- POSTED: 05 May 2014 23:03
- UPDATED: 05 May 2014 23:39
The Ministry of Health will be distributing its health advisory to travellers flying to areas affected by the Middle East Respiratory Syndrome Coronavirus in the Middle East from May 6.
SINGAPORE: The Ministry of Health said it is stepping up precautionary measures as the possibility of an imported case of the Middle East Respiratory Syndrome Coronavirus (MERS-CoV) cannot be ruled out given today's globalised travel patterns.
The death toll from the disease has climbed to 115 in Saudi Arabia, since it first appeared there in 2012.
From Tuesday, the Health Ministry will hand its health advisory to those travelling to MERS affected areas in the Middle East.
Currently, only those flying into Singapore from affected areas are handed the advisory.
Presently, there is no advice against travel to countries of the Arabian Peninsula, or to countries reporting cases of MERS.
No cases of MERS have been detected in Singapore so far, but MOH said healthcare institutions here remain vigilant.
The Singapore General Hospital (SGH) said being aware and alert is important, and precautions must be taken.
“For MERS-CoV, awareness and alertness is important,” said Dr Ling Moi Lin, director of infection control at SGH.
“We have been giving briefings to our staff, so… they need to look out for someone who is not well with upper respiratory tract infection, plus a travel history to the Middle East region. So of course, if there is a suspect, we would immediately go according to our protocol in terms of isolation and so forth.”
“Secondly, the good practice of practicing cough etiquette or covering your cough. Anybody who has got a cough, or a fever, or a running nose, should be wearing surgical masks whenever they attend to a patient and this applies to all staff, visitors and even patients.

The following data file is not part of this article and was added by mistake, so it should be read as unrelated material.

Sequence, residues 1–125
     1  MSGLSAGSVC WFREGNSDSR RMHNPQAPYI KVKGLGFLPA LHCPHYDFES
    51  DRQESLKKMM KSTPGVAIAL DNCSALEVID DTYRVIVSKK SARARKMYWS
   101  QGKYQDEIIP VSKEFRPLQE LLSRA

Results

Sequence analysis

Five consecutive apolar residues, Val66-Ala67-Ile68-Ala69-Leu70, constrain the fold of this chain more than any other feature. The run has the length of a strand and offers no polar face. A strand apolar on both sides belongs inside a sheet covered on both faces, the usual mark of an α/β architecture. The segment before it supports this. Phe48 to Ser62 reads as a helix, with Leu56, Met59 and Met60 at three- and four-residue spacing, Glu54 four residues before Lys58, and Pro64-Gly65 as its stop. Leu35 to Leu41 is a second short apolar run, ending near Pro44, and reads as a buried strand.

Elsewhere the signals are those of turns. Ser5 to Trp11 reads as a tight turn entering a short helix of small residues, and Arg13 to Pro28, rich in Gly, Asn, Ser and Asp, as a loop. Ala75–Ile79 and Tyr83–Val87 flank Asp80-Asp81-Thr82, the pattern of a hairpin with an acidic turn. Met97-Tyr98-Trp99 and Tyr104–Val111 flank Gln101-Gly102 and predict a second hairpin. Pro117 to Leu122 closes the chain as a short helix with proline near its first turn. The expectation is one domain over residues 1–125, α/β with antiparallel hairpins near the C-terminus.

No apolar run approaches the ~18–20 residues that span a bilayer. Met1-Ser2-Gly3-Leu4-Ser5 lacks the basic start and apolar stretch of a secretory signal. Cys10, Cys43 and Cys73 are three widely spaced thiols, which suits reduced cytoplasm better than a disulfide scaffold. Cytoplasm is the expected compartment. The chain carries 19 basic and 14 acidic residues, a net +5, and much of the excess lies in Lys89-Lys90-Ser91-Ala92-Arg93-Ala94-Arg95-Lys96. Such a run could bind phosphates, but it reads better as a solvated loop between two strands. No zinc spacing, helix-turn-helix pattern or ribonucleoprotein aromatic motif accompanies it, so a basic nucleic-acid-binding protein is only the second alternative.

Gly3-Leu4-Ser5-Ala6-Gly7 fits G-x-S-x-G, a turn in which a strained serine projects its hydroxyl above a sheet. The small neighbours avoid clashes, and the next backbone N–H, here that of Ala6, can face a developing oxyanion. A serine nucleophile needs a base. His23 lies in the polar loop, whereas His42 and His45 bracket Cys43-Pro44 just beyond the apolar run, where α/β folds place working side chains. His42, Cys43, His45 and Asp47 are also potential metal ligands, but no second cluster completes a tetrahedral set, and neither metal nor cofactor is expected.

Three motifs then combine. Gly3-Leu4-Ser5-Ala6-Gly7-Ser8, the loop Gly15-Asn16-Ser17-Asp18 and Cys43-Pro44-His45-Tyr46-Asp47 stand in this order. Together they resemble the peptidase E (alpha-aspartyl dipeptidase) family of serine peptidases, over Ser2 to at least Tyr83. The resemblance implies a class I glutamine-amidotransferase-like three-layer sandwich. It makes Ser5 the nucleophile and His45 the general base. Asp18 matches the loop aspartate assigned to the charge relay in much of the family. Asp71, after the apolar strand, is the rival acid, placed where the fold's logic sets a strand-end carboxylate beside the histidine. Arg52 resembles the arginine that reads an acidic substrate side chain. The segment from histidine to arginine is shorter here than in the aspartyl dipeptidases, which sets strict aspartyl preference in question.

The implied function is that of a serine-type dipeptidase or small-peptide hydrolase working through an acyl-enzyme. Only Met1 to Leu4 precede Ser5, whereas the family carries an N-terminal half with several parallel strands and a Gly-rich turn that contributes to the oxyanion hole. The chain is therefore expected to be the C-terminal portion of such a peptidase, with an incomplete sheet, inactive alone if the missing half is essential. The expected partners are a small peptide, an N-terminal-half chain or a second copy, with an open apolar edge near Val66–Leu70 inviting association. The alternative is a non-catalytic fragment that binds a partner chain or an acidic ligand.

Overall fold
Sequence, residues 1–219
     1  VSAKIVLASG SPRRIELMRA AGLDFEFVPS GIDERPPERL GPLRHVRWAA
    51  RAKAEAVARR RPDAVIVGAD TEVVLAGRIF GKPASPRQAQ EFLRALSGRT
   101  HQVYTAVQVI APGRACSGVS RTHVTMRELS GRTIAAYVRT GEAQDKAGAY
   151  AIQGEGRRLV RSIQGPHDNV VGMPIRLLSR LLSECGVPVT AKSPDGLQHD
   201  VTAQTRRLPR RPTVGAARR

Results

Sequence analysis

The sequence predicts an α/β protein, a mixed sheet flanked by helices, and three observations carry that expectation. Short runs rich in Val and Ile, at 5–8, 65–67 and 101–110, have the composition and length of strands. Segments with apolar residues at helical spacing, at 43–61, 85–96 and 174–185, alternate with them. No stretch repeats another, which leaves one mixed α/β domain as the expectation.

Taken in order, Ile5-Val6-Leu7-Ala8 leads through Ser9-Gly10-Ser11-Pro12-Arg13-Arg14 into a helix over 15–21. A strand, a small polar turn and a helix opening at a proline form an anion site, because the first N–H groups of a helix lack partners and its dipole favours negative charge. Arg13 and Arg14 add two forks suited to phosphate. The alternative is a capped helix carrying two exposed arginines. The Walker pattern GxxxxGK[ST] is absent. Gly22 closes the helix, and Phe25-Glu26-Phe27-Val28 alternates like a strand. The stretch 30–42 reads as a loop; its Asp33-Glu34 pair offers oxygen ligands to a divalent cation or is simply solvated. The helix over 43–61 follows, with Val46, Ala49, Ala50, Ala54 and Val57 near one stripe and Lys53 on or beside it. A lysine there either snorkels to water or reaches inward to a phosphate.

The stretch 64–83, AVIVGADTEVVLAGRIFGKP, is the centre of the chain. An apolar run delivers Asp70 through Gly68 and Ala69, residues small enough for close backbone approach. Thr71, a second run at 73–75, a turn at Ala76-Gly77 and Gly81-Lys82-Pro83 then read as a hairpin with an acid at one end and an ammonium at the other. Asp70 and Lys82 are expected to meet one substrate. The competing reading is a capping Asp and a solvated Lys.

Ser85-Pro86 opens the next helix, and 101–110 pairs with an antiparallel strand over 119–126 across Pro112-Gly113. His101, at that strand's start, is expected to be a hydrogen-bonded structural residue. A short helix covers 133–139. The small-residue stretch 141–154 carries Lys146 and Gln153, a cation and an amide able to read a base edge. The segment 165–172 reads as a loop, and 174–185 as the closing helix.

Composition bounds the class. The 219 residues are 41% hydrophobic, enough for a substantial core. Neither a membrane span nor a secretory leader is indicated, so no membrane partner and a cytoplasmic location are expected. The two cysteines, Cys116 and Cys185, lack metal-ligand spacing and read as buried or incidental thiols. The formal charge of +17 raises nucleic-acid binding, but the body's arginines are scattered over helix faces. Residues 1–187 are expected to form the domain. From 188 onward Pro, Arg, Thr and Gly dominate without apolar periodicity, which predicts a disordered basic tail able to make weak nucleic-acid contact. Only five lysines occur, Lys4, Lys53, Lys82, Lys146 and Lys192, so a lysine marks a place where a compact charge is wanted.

“And of course, hand hygiene is important… in all our moments of care for our patient because that really breaks transmission.”
Tan Puay Koon, who is heading to Dubai on holiday this weekend, says she will be taking extra precautions, like wearing a mask.
The 40-year-old has also done research on how to practice good personal hygiene.
She said: "I may not know whether we're touching animals or whatsoever. I'm trying to avoid all these things. But if I have touched them, then I know I'll have to do more washing and I know the washing has to be very thorough."
Singaporeans travelling to affected areas are advised by MOH to maintain vigilance and to avoid contact with persons suffering from acute respiratory infections and to avoid contact with camels and other live farm or wild animals.
MOH also advised frequent travellers to the Middle East and Umrah or Haj pilgrims to be vaccinated against influenza and meningitis.
It reiterated that as sustained human-to-human transmission of the virus has not been reported, the risk of an outbreak in our community remains low.